As the debate about cannabis legalization continues in many places around the world, politicians in the United Kingdom are inserting new angles that could shake up the current rhetoric. While many cannabis advocates have stressed the money that could be raised by tax revenue, some Liberal Democrats in the U.K. have also started to point to the enormous time cost of trying to restrict the drug. In total, those backing new legislation to legalize marijuana assert that the U.K. police officers waste as many as one million hours a year enforcing cannabis laws, a trend that could provide a new foundation for ending the longstanding prohibition. But even with a changing sentiment around cannabis, law enforcement still remains a hot button topic with global implications, creating confusion at international borders as the legality of the unevenly enforced drug remains as complicated as ever.
Although there has been a hesitation to legalize the Class B drug in the U.K., cannabis advocates also seem to be just breaking into a fairly new frontier at a crucial time. Tax revenue has been a central part of the legalized debate for years at this point, yet the U.K.’s Liberal Democrats are also eager to point out that the excessive public funding that goes into enforcement is wholly illogical given the ease of obtaining marijuana in the U.K. According to data publicized by the party, U.K. police officers not only wasted more than a million hours in 2015 but also spent more than £2,200 (nearly $3,000 in the U.S.) for each of the 87,247 cases that year. With the eye-opening numbers hitting the mainstream debate, it could prove to be a potent talking point when coupled with the expected tax revenues from legalization and regulation.
As progressives look to win over more conservative factions with a fiscal responsibility platform, public health policy is also starting to become central to the debate. According to former Liberal Democrat Julian Huppert, an associate of Liberal Dem leader Tim Farron, it’s time to accept the reality that organized crime controls the market, which allows increasingly potent cannabis to hit the streets without any form of regulation whatsoever. “The honest and pragmatic response is to take responsibility for this situation and regulate the market,” Huppert said, adding that cannabis can be much more safely used with age and THC limitations. Building on the way that Colorado and Washington created such a system in the U.S., Huppert’s party hopes to implement very similar legal framework to help sculpt the industry as it transitions out of prohibition.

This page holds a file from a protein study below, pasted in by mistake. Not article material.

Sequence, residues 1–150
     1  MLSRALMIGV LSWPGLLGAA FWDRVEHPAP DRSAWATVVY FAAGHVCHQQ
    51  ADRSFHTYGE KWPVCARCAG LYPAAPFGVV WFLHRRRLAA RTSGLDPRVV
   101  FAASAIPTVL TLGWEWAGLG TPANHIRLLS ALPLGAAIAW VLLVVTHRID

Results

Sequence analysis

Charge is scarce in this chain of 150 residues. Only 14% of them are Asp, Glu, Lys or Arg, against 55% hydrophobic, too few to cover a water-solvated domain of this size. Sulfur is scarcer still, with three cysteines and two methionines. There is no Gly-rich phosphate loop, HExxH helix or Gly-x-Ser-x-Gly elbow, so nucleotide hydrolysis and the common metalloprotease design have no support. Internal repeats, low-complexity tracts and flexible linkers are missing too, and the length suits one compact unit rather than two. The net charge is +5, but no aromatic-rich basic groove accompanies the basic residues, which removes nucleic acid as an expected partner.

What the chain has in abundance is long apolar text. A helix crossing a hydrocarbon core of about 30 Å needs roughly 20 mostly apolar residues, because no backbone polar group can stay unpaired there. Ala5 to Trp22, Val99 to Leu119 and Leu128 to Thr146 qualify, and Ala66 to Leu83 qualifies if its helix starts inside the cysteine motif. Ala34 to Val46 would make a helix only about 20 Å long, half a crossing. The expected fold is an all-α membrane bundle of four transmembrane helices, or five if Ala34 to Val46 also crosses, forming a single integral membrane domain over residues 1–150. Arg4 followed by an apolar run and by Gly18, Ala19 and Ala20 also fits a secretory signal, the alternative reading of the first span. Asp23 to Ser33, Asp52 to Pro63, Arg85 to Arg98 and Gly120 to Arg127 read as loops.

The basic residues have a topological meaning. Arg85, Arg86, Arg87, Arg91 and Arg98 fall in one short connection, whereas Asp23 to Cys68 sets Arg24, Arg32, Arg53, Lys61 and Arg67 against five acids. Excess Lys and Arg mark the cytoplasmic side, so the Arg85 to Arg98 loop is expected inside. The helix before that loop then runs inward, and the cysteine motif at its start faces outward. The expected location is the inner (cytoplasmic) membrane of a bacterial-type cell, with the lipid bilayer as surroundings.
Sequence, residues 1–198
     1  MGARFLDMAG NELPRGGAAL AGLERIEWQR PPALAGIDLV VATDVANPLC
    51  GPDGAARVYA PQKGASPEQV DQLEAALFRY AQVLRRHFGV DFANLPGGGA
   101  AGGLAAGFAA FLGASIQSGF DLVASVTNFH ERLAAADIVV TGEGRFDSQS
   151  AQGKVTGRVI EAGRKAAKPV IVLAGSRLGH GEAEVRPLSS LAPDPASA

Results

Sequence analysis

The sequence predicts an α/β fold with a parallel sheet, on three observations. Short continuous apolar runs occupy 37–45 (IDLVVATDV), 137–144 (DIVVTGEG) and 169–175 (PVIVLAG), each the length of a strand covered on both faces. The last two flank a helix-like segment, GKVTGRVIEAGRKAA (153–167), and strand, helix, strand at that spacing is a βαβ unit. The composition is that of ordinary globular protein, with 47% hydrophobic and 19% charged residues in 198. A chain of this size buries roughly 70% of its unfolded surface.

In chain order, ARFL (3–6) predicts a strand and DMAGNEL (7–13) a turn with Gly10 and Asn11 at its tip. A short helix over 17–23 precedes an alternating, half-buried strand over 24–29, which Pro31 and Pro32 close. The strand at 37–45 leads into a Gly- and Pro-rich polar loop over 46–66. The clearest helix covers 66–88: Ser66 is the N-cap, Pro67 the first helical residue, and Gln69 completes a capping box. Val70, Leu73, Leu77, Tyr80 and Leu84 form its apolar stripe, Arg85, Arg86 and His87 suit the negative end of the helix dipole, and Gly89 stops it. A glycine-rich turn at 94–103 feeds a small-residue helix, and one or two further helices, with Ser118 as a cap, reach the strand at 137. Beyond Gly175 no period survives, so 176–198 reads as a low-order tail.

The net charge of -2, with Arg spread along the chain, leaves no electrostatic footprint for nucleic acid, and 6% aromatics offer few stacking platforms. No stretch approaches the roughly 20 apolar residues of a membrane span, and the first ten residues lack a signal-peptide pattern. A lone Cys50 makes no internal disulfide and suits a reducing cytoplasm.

The ongoing question of cannabis’ legal future in the U.K. also is a part of a larger situation that has started to come to light with the current legalization push around the world. As close allies the U.K., U.S. and particularly Canada all edge closer to national legalization, border enforcement is sure to be an increasingly complex situation. On the West Coast of the United States and Canada, travelers heading into the United States can be denied entry simply by admitting cannabis use, once again bringing up the difficulty when there are conflicting state and federal laws. While Canada could be poised to fully legalize cannabis in July of 2018, enforcement will likely remain complicated even when traveling into a state like Washington that has legalized recreational use.
But as Liberal Democrats in the U.K. are starting to see, they have a terrific vantage point for approaching the potential legalization of cannabis nationwide thanks to test models in both the U.S. and Canada. Being able to add new aspects of fiscal responsibility to the platform could provide a pragmatic, dollars and sense avenue to shape the issue in the U.K. Additionally, a nationwide legalization would avoid many of the problems that the U.S. faces in terms of balancing conflicting state and federal laws. If Canada does move forward with legalization in the summer of 2018, the U.K.’s progressive wing will be sitting in a strong position to potentially turn changing public opinions of cannabis into the end of a costly and ineffective prohibition.
Liberal Democrats want cannabis to be legalized in the UK.
Soon to release their official manifesto, the Liberal Democrat party of the UK continues to speak out on the topic of cannabis legalization. Their reasoning doesn’t differ much from other countries in the world regarding legalization. Criticizing its current illegal status, members of the Lib Dem party point out the unreasonable prices people pay to use it and the risks involved.
Reasons For The Push Towards Legalization